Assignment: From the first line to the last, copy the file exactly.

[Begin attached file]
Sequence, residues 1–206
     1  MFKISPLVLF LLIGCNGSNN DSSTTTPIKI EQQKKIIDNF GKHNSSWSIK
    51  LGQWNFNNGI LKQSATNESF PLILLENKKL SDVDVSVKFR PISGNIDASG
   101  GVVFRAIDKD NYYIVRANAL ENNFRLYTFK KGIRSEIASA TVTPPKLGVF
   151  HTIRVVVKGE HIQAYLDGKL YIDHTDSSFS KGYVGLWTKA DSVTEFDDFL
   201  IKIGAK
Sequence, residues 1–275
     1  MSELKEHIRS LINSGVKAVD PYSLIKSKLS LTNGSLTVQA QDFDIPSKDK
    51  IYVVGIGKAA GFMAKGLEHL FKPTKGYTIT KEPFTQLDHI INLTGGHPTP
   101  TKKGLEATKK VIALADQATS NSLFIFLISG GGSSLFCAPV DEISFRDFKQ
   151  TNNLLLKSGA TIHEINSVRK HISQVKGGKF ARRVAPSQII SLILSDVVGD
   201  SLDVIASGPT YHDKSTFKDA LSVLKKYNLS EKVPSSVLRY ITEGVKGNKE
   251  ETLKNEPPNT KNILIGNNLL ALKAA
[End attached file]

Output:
Sequence, residues 1–206
     1  MFKISPLVLF LLIGCNGSNN DSSTTTPIKI EQQKKIIDNF GKHNSSWSIK
    51  LGQWNFNNGI LKQSATNESF PLILLENKKL SDVDVSVKFR PISGNIDASG
   101  GVVFRAIDKD NYYIVRANAL ENNFRLYTFK KGIRSEIASA TVTPPKLGVF
   151  HTIRVVVKGE HIQAYLDGKL YIDHTDSSFS KGYVGLWTKA DSVTEFDDFL
   201  IKIGAK
Sequence, residues 1–275
     1  MSELKEHIRS LINSGVKAVD PYSLIKSKLS LTNGSLTVQA QDFDIPSKDK
    51  IYVVGIGKAA GFMAKGLEHL FKPTKGYTIT KEPFTQLDHI INLTGGHPTP
   101  TKKGLEATKK VIALADQATS NSLFIFLISG GGSSLFCAPV DEISFRDFKQ
   151  TNNLLLKSGA TIHEINSVRK HISQVKGGKF ARRVAPSQII SLILSDVVGD
   201  SLDVIASGPT YHDKSTFKDA LSVLKKYNLS EKVPSSVLRY ITEGVKGNKE
   251  ETLKNEPPNT KNILIGNNLL ALKAA